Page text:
The economy has been recovering from the Great Recession for three years now. And although it's an anemic global recovery the U.S. has been leading the way. Meanwhile, in its three-year bull market from the 2009 low, the stock market has doubled in value. Justifiably, since S&P 500 earnings have increased 125% since the end of 2009, their fastest expansion in a quarter century. The result of that is, in spite of having doubled in value in the bull market, the S&P is selling at a lower P/E ratio than before the bull market began.
It must be a puzzle to the doom and gloomers who were so sure in 2008 that the bailout of banks and automakers, and massive stimulus efforts were not only going to fail to rescue the economy but would send the U.S. into the next Great Depression and plunge the stock market further, into oblivion.
In spite of those dire predictions falling by the wayside, the big picture theorists have remained just as gloomy even as the economic recovery has been picking up momentum and the stock market has been rallying impressively off its October low.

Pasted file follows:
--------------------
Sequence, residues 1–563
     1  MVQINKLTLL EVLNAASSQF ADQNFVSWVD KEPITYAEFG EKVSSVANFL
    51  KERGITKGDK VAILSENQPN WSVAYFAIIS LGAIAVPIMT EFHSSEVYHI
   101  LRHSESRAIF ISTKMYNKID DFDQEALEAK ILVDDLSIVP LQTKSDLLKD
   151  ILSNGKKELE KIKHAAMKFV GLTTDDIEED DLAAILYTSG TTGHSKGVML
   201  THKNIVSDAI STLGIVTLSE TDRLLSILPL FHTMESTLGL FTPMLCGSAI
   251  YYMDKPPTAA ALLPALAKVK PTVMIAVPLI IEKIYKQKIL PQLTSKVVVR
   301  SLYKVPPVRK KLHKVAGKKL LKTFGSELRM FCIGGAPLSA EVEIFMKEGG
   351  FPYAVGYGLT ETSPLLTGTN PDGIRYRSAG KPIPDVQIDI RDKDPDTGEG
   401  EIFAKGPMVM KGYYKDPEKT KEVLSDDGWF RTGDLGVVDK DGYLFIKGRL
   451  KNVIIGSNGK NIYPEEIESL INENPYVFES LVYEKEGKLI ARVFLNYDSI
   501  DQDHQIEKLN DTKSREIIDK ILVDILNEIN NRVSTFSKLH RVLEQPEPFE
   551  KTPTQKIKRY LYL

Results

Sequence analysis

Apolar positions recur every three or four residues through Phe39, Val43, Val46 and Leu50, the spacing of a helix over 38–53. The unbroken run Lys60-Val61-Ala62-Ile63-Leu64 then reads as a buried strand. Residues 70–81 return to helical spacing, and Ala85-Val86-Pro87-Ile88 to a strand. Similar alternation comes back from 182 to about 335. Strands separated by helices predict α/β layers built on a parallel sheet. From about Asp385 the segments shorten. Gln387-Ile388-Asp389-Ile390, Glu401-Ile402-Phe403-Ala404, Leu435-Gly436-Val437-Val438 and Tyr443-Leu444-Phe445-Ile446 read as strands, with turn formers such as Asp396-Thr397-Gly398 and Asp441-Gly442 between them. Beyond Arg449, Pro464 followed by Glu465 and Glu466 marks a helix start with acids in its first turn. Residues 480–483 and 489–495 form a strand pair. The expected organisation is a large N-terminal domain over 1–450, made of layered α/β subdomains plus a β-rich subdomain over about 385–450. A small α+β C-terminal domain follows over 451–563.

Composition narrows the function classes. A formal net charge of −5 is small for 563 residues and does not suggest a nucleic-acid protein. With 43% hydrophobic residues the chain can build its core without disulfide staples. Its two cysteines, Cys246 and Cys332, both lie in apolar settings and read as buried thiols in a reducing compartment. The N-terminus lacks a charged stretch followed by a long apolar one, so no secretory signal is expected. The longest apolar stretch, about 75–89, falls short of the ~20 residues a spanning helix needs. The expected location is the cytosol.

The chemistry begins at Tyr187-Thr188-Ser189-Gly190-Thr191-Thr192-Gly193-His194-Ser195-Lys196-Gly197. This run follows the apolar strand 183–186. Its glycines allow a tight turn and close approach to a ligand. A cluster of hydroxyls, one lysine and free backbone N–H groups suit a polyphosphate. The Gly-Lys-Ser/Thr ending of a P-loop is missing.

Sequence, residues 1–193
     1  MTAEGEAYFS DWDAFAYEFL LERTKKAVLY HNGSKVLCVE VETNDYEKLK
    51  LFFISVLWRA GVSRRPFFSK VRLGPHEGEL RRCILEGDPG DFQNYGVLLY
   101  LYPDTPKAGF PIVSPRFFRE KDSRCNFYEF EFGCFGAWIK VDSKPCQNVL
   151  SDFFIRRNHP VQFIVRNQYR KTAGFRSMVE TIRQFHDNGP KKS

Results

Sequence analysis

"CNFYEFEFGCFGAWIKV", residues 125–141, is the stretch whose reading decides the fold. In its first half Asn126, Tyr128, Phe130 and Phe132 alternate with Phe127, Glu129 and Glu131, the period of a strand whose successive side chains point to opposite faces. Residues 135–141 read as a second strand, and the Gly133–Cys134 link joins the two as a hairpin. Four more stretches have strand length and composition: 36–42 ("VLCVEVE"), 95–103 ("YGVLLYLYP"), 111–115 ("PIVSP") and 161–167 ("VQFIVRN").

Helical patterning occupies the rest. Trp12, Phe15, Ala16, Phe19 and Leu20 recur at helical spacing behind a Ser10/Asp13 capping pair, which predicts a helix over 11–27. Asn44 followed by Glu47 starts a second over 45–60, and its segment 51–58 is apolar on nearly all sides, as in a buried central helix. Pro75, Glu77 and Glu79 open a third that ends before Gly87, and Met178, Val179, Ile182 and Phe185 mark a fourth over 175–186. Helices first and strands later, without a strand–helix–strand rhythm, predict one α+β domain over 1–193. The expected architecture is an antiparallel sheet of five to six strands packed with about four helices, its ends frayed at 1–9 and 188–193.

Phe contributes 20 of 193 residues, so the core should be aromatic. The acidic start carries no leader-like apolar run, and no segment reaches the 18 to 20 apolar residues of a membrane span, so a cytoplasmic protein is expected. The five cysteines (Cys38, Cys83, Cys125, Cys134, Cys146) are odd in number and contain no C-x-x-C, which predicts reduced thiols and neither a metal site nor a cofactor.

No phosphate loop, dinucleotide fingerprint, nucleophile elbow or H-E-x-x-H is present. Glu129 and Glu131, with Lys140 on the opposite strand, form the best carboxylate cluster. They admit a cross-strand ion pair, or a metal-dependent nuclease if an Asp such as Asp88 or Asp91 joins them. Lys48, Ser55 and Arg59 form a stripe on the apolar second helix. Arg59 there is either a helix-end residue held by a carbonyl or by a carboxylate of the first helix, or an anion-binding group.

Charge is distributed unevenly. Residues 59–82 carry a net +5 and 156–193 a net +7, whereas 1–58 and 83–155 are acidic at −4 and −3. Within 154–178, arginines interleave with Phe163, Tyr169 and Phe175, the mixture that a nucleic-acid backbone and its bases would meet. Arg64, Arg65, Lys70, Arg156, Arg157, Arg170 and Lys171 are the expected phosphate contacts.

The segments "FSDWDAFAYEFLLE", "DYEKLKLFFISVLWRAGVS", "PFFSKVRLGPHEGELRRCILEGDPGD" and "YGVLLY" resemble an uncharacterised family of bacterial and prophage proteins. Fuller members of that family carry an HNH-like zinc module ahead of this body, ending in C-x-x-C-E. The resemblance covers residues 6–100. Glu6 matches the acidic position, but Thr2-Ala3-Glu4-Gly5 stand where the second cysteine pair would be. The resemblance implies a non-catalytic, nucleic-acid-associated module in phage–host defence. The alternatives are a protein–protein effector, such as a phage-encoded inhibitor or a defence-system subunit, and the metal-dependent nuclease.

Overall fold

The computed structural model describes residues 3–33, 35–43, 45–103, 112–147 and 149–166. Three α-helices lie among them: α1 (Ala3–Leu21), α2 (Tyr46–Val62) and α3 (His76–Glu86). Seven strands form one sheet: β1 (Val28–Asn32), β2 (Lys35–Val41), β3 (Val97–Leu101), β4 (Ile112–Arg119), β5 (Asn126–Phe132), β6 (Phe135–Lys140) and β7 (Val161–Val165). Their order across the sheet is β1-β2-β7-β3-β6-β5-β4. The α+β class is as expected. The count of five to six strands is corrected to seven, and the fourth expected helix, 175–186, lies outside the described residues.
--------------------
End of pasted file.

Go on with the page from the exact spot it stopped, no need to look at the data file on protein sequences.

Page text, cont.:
This time is was that the eurozone debt crisis of the last two years would produce the Armageddon catastrophe they expected in 2008 from the bailout efforts.
And now even that prospect seems to be fading away. At least the fears seem to be fading from the headlines.
I can't find any references to the eurozone crisis at all in The Wall Street Journal Online this morning, let alone the types of dire headlines of a few weeks ago. It's all about the upcoming elections, the Facebook IPO, corporate earnings, and so forth, a return to normal news items.
The only eurozone stories in The Financial Times this morning, and they are on back pages, have headlines like ‘Italy's Banking Retrenchment Offers Signals of Rebound Hopes', and ‘Portugal Vows to Hit Reform Targets', and ‘Britain's Best New Export is Lessons in Intelligent Fiscal Policy.'
It's just not easy to try to forecast the direction of the economy or stock market, in either direction, with big picture analysis. As I have said so often over the years, by the time they are supposed to have played out conditions have almost always changed.
I'll just continue to let the market itself tell us what it's going to do through technical analysis of support/resistance levels, overbought/ oversold conditions, reversals of money flow, and so forth.
To read my weekend newspaper column ‘Let's Not Get Too Optimistic' Click here.
Subscribers to Street Smart Report: The new issue of the newsletter is in the subscribers' area of the Street Smart Report website from yesterday.
Yesterday in the U.S. Market.
Almost made a new high. The Dow was up 152 points mid-day, but gave almost half of it back by the close, especially in the final minutes.
The Dow closed up 83 points, or 0.7%. The S&P 500 closed up 0.9%.